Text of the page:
Crested Butte Gets Tough on Drinking

Year residency required to hit the bars? — October 18, 2015

(Sopris Avenue) Locals here could be required to show more than proof of age at the door of their favorite saloon this off-season. They may have to present evidence of at least one year residency as well.

Although the application of this new ordinance may come at the discretion of each establishment, other means of enforcement might be employed, according to the local marshal’s office.

“If we observe borderline behavior on the part of a suspect, we will further investigate the situation,” said one deputy. “We’re not necessarily in favor of the ordinance, but if it is passed by the local voters we will implement it.”

Both police and the originators of the yearresidency concept feel that this move will allow for closer monitoring of alcohol consumption, especially within a group that is questionable to start with.

“Some of these people get totally out of control the first week after they have arrived in town,” said the deputy. “Maybe it’s the altitude. Maybe it’s the new environs. It’s normal, but we don’t feel that long time residents should have to suffer.”

The deputy pointed out that he has seen “about 20 years of these shenanigans, which get old after a while”. He added that he did not think the new law would affect the booming bar business in the town.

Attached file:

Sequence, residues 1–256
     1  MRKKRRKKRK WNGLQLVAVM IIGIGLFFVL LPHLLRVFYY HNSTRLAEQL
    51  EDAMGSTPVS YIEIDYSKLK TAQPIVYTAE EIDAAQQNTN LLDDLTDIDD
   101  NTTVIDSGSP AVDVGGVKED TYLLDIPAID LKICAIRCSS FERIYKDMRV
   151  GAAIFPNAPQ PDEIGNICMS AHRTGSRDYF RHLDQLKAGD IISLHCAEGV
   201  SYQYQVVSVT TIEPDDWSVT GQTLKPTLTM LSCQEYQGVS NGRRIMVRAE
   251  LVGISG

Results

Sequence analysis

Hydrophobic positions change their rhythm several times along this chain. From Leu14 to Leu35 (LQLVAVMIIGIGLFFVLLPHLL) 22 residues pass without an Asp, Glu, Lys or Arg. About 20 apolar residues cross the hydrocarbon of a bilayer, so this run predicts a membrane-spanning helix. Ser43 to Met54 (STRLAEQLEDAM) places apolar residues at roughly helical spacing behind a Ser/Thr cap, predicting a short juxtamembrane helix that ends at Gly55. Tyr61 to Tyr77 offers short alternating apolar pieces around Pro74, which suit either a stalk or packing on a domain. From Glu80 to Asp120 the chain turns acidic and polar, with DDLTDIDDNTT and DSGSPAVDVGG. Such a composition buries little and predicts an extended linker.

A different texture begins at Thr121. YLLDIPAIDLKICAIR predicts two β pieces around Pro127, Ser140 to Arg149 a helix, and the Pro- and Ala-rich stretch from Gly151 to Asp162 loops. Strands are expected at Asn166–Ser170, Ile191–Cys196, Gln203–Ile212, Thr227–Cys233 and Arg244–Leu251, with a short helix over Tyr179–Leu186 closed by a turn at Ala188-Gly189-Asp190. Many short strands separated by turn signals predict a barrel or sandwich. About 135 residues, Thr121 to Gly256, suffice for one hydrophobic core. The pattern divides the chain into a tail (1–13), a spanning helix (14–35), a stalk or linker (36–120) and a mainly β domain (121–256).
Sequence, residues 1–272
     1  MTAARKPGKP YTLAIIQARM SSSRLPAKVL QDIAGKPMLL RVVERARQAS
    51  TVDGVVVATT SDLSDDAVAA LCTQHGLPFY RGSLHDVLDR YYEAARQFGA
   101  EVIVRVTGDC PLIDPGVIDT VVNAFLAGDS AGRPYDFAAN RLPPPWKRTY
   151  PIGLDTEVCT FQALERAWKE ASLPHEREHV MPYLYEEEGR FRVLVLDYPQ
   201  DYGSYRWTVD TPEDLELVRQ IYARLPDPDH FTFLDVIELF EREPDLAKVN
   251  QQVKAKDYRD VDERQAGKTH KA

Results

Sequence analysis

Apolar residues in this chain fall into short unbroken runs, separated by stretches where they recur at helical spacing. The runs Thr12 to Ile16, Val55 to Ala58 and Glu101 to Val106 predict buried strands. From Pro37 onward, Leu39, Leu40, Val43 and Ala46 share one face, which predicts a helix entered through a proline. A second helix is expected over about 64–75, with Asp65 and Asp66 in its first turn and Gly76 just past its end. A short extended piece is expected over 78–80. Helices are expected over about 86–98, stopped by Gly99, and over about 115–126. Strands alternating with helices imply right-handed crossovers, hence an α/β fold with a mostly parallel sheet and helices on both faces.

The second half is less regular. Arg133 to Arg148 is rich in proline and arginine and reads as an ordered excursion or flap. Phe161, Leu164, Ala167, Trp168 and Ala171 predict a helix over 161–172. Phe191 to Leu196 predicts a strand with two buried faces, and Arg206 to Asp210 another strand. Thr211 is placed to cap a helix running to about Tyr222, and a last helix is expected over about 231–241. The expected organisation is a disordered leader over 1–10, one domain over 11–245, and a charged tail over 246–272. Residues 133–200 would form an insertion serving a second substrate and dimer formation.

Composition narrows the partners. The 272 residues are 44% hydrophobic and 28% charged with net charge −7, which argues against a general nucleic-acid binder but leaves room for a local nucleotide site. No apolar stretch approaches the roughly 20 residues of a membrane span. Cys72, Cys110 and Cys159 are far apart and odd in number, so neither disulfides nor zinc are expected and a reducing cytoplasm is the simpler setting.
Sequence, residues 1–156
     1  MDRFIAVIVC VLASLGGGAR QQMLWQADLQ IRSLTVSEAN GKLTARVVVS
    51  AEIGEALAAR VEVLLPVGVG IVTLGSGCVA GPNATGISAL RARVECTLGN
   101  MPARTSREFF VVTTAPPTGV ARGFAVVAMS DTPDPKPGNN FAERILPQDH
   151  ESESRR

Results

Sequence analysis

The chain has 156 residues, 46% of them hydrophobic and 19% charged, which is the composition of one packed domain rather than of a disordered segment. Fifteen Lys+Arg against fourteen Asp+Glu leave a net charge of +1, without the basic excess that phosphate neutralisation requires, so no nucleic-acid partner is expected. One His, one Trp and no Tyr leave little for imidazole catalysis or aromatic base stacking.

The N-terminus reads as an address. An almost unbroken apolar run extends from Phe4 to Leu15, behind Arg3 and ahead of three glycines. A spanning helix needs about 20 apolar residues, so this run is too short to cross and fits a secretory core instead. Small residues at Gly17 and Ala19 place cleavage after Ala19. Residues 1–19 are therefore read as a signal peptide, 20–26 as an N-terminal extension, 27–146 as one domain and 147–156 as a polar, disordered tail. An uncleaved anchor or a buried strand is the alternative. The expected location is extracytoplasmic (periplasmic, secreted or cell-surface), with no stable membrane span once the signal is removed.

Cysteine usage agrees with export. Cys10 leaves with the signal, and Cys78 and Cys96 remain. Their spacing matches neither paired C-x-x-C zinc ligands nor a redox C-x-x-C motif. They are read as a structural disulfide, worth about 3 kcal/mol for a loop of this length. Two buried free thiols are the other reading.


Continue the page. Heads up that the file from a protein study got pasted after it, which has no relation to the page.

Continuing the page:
Must be resident to go to bars

Big nights like these need to be earned say town fathers and mothers. (Bill Dickerson Photo)

Over in Ridgway the town council has adopted a measure that would require similar credentials be shown before one hurls himself into the often steamy nightlife.

“We feel that new locals should wait a little while before embracing this culture,” said Marlena Quacksalver, a spokesperson for someone’s council. “And besides, considering all the new ordinances that have been adopted here since 1990, what’s one more?”

When asked if this proposed ordinance could apply to the purchase of recreational drugs, the spokesperson appeared shocked.

“Hypothetically,” she posed. “This type of activity is the business of state drug agencies and their jurisdiction takes precedence over our silly ordinances anyway.”

-H.L. Menoken

Filed Under: Fractured Opinion


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